Table 19. Experimental Parameters for the Reaction of Ferulic Acid and Chlorine on Carbon at pH = 10.0 Column Diameter, em Column Length,cm Influent Ferulic Acid Cone., mg/l Influent Chlorine Cone., mg/l Influent pH Flowrate, ml/min Reaction time, min Reaction volume, ml Total volume passed through bed, 1 Type of water used 59 0.9 29.7 3.0 10.55 9.95 5.80 1.61 9.39 60. tap

PAGE 65

C'\ o ** SF'[ .lJI1 [I ,.f'L 'r,' II ** fill ':1 ** 9 9 .it SF' UI1 I S LHY" DI ** fRtI l1 C I t!tvCL EXTRACT -PHz: 1 O+HiUL LE W J TH IS: (HWL IIGTUwC/f'G I IRBOU EXTRACT-PHa 10 .... SAHPlE WI TH IS (1 eUL I 41lR80H EXTP.ACT-PH= 1 a* .... 2UL S',AI'1f'L( WITH IS' lOUL IISHIGC/P(; I S23 IO.'22/SZ ... k.:F:B**30-2O@5d1JtI WITH 20 11IH X" .50 y. i.0KR:8**30-ZSJ@SdllN WITH.c:0 tUN X-.'S0 y. 1.0IKRB**30-280QlS/MUI t.IITH 20 I'1lN Xz y1 Ti '4 'I 34 Figure 29. Total Ion Chromatogram for the Ferulic Acid/Chlorine/Carbon Reaction at pH = 10.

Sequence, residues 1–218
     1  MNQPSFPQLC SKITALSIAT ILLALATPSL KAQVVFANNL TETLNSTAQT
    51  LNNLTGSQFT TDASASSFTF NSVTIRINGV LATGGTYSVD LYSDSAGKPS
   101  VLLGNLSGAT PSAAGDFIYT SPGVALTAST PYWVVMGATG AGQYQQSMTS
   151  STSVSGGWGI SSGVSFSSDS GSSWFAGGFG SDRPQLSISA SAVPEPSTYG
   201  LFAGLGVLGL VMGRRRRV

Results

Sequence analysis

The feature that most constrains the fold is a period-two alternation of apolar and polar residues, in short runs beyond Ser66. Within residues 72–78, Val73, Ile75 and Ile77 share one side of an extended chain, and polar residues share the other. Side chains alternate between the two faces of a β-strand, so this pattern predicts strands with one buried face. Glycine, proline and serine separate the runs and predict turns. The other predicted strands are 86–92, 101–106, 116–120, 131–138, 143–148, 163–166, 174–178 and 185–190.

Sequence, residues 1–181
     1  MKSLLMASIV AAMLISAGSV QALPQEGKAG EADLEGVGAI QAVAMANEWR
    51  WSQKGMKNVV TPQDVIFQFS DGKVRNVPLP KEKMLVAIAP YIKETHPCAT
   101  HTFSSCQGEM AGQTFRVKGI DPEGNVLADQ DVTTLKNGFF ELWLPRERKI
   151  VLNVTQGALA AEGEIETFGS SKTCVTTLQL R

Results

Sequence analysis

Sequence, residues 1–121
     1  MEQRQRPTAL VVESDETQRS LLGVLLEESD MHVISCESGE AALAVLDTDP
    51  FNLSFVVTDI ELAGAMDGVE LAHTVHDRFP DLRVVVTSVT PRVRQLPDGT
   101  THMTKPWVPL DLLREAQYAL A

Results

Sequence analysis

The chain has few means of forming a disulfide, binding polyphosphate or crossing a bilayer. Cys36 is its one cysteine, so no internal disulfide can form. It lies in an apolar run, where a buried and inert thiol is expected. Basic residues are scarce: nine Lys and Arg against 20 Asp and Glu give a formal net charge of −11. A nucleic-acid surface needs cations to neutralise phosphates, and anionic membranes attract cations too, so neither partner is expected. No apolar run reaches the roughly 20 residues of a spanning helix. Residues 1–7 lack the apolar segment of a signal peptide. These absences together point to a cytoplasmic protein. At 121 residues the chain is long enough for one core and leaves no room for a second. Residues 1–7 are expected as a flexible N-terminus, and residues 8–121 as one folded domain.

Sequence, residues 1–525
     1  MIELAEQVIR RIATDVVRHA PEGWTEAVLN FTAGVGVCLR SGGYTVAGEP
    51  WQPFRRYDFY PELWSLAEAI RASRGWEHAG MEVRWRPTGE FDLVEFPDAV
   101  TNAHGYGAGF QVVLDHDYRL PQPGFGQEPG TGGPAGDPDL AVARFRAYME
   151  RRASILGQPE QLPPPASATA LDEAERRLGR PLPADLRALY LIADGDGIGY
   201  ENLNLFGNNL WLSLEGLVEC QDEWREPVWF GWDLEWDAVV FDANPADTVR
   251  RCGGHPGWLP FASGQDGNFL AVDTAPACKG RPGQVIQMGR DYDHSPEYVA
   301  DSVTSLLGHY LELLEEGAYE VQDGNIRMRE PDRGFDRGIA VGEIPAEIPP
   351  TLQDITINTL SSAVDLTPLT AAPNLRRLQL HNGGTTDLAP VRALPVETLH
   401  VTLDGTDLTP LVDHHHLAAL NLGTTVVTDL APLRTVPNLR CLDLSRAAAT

PAGE 70

en 01 S EeT U D LA/E HHTCHET CREEtUCL EXT"ZUL+IS KRE**3/1,/e3 30-2S0G5/MIH TJ .. fRH 5 SPE I L I 1ST SC/PG, I CARBON EXT"ZUL+IS Xc' .50 y. 1.09 l/83**30-2S0aS/I1IH .. fRH 95 6 ** SPECT UI1 D L I 1ST SC/PG, 433CREEK/CL CRRBOH EXT"2UL+IS Xc .60 V1.00 31. Total Ion Chromatogram for the Humic Acid/Chlorine/Carbon Reaction ** RN 9 2 1 Sf SC/PG, 866 X-.60 Y-1.00 .-

PAGE 73

NEC' TF-un fl /( II I T ** SPEer RUM lH sF-LAY /EIt [TT ".:;;.----r"'F"':u;--9"'5"2"'6-------..:;;*'SPECTRUt" D I /ED I T .. (PEEl, CL E::T..,ior2UL-tt: SC/F'I;, I CF:EEI( .... C'L (AF'[:OU 15.T :SC/F'Gg .,4El CREEIU'("L CAF'EOII [in1t-*2UltIS Pl: 3' 1 :;.:z:, ..... tl :.;,. so )':::1 1 .00, '51 X=- '(a 1 19/e3"'*3-0-Z.E:1j1j5JIHU nil I Sf $C/PG I aS3 j{. .50 Y= 1.(ji) g: 1 I __ __ _l. \. ,1'e," J,{II .. '. ,I,"\, ,,",SI ".\ ,b I, ",; -=,'1::'7-:131.:---::3:1:'<;-":'1.',':", -.j:5-4T'.--'.\;:-, -.T.',;-"".C;C:-, Figure 32. Mass Reconstructed Chromatograms for the Humic Acid/Chlorine/Carbon Reaction